Viz Artist User Guide

Version 3.13 | Published March 28, 2019 ©

Create and Run Scripts

This section contains two script examples:

  • Example I: This example shows how to write a simple script that controls the alpha value of an object

  • Example II: This example shows how to write a simple script that scales the x-scaling value of a container, based on x-scaling value of another container.

Example I

Start with a simple event-driven script.

  1. Add a Sphere to a Container.

  2. Add a Material and some light.

  3. Create a script object.

    1. Drag the built-in Script plug-in from the Container Plug-insGlobal folder onto a Container.

    2. Click on the Script plug-in icon in a Container

    3. Copy and paste the code, below, into the Script Editor.

      Sub OnEnter()
      Alpha.Value = 100.0
      End Sub
      Sub OnLeave()
      Alpha.Value = 50.0
      End Sub

      This script consists of two event procedures, OnEnter and OnLeave, which are recognized by the system and invoked whenever the mouse cursor enters or leaves the area occupied by the container in the output window. Take a closer look at what happens inside OnEnter:

      Alpha.Value = 100.0

      This code sets the alpha value of the container to 100 (the maximum value). If there is no Alpha object, no action occurs, so make sure that the container has an alpha object by adding the Alpha plug-in. Alpha refers to the container’s alpha object, Value is a member (in this case: the only member) of the alpha object, representing its value. Changes made to Alpha.Value are immediately made visible in the output window.
      Similarly, the code in the body of OnLeave sets the alpha value back to 50.

  4. Add the Alpha plug-in to the container.

  5. Execute the script, click images/download/attachments/50614513/gettingstarted-scripting_compile_icon.png .

  6. Click Edit to return to editing mode if required. To interact with the scene click the images/download/attachments/50614513/workbench_button_e.png button (Scene Editor Buttons) in the Scene Editor.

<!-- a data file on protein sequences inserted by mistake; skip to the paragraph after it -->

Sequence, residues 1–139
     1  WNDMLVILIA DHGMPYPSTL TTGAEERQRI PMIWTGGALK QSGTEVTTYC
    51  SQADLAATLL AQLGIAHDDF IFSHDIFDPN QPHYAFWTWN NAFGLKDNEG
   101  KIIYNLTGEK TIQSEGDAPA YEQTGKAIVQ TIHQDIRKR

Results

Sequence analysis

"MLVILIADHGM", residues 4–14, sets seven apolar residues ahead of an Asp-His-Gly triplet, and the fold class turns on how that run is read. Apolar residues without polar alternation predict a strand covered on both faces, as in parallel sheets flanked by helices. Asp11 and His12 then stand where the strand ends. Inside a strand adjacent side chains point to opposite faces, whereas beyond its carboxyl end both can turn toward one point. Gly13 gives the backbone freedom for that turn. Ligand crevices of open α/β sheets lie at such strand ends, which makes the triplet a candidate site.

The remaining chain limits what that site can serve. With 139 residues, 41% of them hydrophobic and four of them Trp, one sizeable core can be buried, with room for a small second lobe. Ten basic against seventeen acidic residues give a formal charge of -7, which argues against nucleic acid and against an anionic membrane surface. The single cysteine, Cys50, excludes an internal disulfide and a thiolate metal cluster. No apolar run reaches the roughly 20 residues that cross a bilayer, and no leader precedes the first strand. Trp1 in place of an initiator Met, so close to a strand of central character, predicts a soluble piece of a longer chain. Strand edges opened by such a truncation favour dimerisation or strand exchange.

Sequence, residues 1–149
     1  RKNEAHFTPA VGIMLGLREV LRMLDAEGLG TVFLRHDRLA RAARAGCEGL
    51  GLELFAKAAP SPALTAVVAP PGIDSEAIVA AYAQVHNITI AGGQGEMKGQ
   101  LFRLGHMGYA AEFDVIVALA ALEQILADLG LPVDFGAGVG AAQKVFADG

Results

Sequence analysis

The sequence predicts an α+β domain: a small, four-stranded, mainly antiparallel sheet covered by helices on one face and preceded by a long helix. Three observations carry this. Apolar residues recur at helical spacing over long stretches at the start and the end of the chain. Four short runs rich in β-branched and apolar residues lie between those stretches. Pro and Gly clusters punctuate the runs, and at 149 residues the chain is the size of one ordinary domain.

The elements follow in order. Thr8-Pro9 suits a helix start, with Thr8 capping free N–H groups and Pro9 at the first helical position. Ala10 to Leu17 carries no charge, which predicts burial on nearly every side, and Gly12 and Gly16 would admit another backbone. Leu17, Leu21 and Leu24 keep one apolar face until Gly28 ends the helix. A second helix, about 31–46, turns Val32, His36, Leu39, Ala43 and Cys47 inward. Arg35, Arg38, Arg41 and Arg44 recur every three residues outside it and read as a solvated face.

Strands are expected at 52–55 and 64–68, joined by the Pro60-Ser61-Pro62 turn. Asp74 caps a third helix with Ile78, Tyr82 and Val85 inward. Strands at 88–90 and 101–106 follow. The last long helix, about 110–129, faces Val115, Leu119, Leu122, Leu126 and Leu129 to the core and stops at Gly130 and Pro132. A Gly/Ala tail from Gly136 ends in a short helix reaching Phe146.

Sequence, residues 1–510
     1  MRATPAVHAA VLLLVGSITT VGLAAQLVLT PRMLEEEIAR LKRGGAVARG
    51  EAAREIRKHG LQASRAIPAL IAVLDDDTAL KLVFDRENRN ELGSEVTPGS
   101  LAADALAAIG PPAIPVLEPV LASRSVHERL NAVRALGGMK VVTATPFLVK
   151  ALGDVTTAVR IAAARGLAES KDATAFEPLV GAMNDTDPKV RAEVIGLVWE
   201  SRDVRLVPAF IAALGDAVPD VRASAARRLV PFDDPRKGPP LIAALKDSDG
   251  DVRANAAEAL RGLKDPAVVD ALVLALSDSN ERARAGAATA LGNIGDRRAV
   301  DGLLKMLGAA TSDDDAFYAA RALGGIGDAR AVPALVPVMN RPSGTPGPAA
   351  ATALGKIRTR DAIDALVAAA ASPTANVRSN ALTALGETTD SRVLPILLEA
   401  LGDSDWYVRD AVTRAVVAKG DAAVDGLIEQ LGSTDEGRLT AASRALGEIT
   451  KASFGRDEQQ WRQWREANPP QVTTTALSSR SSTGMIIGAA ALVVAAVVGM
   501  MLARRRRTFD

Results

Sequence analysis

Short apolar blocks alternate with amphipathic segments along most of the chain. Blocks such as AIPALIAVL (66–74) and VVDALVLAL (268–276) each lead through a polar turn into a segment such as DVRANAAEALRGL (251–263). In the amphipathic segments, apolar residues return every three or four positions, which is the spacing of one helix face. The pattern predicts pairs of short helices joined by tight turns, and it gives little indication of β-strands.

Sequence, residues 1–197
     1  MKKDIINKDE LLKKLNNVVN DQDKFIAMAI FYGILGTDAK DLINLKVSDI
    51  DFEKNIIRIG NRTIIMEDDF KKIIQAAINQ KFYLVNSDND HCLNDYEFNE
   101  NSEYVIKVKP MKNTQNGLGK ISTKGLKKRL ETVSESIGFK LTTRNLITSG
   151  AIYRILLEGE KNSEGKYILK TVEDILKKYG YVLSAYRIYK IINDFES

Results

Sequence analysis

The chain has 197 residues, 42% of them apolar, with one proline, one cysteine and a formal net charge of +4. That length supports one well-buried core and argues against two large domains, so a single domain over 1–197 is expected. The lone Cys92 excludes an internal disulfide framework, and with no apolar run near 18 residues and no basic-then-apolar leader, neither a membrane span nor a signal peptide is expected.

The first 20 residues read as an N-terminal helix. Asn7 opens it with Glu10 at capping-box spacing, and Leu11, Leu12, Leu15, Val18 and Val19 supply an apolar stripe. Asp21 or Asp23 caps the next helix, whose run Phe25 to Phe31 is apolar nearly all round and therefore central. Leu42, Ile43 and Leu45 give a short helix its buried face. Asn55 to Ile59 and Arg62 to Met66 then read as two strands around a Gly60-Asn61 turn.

Note: The images/download/attachments/50614513/workbench_button_e.png button offers a good way for designers to test touch based interaction points added to a scene. The script is then the logic which triggers what happens next (i.e. events).


Example II

This example defines the event procedure OnExecPerField, which is called for each field. The functions and amount of code used in this procedure needs to be decided upon with great consideration. Include only the code that requires execution on a per-field basis, to keep the resulting performance impact as low as possible.


Sub OnExecPerField()
Dim cube As Container
cube = Scene.FindContainer(“Circle”)
If scaling.x > 1.5 Then
cube.Scaling.x = 2.0
cube.Scaling.x = 1.0
End If
End Sub

In the first line, a variable named cube, of type Container, is defined:

Dim cube As Container

Variables of type Container can be initialized to point to a container in the scene tree. In the next line, we call the built-in function FindContainer (which is a member of the scene class, accessible via the container’s Scene property) to initialize cube to point to a container named cube. If there is no such container, cube is set to Null, the consequence being that any further operations on cube have no effect.

cube = Scene.FindContainer(“Cube”)

Now, we check if the x-scaling of the current container (that is, the container holding the script) is greater than 1.5, and, depending on the result, we set the x-scaling of the container named cube to 2.0 or 1.0:

If Scaling.x > 1.5 Then
cube.Scaling.x = 2.0
cube.Scaling.x = 1.0
End If

Note: The expression Scaling.x refers to the current container while cube.Scaling.x refers to the container referenced by the variable cube.